Because everything in Cortex is ranked in dice, spending XP to make the dice get bigger over time eventually becomes ridiculous. We had this problem with advancement in Serenity and Battlestar Galactica: you'd have Viper pilots with d12+d12 ratings in Pilot and so on. You have to think about the game in terms of this granularity and see the dice ratings as being tiers, and think about how to make characters feel as if they're improving and growing without just kicking the dice up.

So some examples include allowing players to spend XP or Growth on adding more things that suit their character and what they see their character doing in the game. More specialties, more relationships, more signature assets, new SFX attached to their distinctions or powers, and so forth. Cortex isn't much of a bean counters game, so in place of counting beans, it offers narrative elements baked into mechanics, elements that can have a positive effect on play.

If your PCs start out somewhat basic and with only a handful of defining traits, but over time they acquire more of those and gain some depth and complexity, that pretty much serves the same purpose as levelling up your D&D character or increasing your scores in other games.
 

kronovan

Registered User
Validated User
One of the things I liked about Cortex+ and are now liking about Cortex Prime in contrast to FATE, is that I can make it map/tabletop friendly with little effort for those players that want that. For action scenes featuring heavy combat, I just use a slight variation of a Scaling dice for the range increments/bands for weapons. I'm currently using the 3 default CPrime attributes and it's worked well to base character tabletop movement on the Physical die type; albeit I'm toying with allowing certain Roles to define or bonus it. I've attempted the same in FATE, but in my experience zones just get iffy when you try to make them relate to something on a tabletop/map and range increments defined more finitely than zones, about as ineffective. I'm sure it can be done in FATE and FAE with enough tinkering, but it seems more natural and intuitive in CPrime. Meanwhile, with CPrime's SFX for distinctions and signature assets, doom/disaster pools, plot points and complications, we can still have a very narrative experience.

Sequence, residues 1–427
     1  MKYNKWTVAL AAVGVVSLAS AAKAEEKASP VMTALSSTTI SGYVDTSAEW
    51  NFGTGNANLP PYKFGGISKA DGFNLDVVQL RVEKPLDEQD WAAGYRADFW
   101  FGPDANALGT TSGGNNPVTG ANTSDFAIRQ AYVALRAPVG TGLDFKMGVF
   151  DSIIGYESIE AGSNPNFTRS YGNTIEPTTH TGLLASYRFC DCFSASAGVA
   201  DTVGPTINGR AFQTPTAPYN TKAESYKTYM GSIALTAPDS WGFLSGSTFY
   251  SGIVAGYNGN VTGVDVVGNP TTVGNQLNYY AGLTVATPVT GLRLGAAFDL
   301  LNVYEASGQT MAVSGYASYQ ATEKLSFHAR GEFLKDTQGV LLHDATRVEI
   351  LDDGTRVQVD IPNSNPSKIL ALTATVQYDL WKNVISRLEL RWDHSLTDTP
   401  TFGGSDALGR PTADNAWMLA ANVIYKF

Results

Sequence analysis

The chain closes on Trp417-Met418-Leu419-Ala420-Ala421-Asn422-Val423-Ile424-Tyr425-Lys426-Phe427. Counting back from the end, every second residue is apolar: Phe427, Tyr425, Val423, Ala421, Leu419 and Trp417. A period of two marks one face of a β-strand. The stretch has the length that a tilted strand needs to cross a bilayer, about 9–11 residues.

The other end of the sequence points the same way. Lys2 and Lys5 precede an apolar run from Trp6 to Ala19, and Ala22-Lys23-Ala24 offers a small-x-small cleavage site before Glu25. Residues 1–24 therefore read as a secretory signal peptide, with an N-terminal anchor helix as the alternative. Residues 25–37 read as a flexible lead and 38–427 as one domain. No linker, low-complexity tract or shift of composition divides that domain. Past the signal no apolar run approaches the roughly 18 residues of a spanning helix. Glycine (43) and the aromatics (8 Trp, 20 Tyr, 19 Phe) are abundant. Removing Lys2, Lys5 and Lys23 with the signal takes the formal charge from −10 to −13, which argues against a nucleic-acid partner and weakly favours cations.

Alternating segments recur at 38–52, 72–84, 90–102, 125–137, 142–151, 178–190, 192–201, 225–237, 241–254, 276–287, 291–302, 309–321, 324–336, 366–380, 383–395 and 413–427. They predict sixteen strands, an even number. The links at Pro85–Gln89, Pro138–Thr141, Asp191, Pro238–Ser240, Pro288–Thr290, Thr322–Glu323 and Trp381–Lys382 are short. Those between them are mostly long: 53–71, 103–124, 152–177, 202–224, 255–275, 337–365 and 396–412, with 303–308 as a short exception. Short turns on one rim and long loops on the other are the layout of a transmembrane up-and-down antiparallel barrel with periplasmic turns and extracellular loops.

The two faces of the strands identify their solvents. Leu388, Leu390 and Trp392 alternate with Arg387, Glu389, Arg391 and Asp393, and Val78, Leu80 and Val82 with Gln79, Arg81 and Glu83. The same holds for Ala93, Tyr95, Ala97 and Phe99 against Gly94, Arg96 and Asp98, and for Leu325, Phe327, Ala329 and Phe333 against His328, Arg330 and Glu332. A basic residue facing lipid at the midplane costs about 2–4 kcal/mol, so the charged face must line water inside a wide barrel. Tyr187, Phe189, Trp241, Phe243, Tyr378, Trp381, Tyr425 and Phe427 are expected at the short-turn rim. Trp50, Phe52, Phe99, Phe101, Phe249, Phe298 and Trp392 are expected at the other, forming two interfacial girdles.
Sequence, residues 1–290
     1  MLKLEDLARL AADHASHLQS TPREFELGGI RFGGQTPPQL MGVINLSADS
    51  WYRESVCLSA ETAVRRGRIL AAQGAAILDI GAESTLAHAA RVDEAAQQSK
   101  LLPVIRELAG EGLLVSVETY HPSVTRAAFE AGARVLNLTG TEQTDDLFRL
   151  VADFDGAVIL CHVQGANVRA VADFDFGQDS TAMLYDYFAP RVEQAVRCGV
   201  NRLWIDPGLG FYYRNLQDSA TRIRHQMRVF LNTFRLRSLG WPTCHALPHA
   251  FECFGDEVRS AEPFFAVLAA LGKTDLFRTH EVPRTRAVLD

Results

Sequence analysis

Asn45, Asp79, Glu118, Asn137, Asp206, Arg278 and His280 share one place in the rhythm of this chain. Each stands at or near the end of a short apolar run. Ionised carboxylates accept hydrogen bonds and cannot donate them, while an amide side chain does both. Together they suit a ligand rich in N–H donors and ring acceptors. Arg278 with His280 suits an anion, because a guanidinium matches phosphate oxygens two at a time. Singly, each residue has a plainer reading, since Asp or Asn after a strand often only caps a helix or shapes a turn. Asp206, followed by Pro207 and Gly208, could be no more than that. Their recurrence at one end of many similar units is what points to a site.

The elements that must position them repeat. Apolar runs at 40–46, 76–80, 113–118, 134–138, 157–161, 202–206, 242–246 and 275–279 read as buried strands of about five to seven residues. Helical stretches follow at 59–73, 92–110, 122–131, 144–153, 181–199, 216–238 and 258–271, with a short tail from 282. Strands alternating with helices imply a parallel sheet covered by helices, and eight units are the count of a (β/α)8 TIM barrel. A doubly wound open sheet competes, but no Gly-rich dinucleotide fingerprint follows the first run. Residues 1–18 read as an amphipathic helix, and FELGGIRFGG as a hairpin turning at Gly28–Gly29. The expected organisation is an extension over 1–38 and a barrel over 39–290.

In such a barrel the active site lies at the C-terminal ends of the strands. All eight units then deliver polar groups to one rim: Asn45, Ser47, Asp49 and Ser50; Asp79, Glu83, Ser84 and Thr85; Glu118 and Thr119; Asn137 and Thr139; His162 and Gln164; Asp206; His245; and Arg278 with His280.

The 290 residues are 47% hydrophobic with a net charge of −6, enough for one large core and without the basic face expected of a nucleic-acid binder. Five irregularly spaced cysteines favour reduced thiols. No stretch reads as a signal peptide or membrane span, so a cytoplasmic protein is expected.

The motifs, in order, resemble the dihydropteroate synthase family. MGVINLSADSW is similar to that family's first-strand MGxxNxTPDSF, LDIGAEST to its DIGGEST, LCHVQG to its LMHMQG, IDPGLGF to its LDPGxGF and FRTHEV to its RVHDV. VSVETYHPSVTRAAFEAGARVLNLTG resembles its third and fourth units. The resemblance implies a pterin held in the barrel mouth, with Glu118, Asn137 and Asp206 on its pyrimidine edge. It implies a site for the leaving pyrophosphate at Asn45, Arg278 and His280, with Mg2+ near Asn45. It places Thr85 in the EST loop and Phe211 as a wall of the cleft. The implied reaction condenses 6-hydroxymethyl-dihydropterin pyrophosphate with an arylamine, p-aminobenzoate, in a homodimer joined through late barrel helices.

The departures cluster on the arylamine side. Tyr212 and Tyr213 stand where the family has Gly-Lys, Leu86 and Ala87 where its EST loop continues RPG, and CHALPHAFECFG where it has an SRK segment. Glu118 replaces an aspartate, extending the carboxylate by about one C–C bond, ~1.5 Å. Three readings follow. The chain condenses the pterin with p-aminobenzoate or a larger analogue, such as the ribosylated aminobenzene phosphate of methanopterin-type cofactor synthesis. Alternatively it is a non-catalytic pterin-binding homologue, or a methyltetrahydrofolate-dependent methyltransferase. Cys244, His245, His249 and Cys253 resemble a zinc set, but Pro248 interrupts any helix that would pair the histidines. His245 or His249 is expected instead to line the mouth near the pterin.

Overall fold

Mike McCall

Registered User
Validated User
The doom pool is optional in Prime. Most builds will only have player-facing metacurrency. When I mentioned the GM buying spoilers, those plot points come from an infinite pool.
While you are correct about that, the "default" build also includes GM plot points, which is what the doom pool replaces.
 

NinjaPaladin

Member
Validated User
Eagerly awaiting the final product. I’ve liked what I’ve read so far, but I’m mostly a D&D-or-similar player, and I think I’m gonna need a session at a con to really feel the difference in how it plays. I’m having trouble figuring out the “loop”, for want of a better term. (This is not a request for an explanation. I’ve read the docs. I’m saying I don’t FEEL it yet in a way that would make me comfortable running my own game.)
 

Spatula

More Ideas Than Time
RPGnet Member
Validated User
Playing (well, fake-playing) the game was the only way I was able to really understand MHR. It made a huge difference in seeing how it all fit together.